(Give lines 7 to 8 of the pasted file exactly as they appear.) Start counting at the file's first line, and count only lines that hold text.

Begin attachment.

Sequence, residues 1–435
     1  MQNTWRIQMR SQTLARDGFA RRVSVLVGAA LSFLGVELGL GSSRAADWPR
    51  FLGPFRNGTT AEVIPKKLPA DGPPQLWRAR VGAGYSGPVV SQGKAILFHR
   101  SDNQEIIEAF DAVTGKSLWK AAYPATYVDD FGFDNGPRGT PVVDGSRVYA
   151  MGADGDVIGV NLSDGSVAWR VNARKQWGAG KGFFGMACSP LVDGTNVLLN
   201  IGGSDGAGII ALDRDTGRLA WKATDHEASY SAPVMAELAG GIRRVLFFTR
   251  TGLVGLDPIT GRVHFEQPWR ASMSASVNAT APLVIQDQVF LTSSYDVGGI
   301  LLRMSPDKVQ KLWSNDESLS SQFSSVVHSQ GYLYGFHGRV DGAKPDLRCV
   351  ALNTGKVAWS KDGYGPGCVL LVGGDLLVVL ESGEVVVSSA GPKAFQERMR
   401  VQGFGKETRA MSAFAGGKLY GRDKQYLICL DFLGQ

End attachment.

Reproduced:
   251  TGLVGLDPIT GRVHFEQPWR ASMSASVNAT APLVIQDQVF LTSSYDVGGI
   301  LLRMSPDKVQ KLWSNDESLS SQFSSVVHSQ GYLYGFHGRV DGAKPDLRCV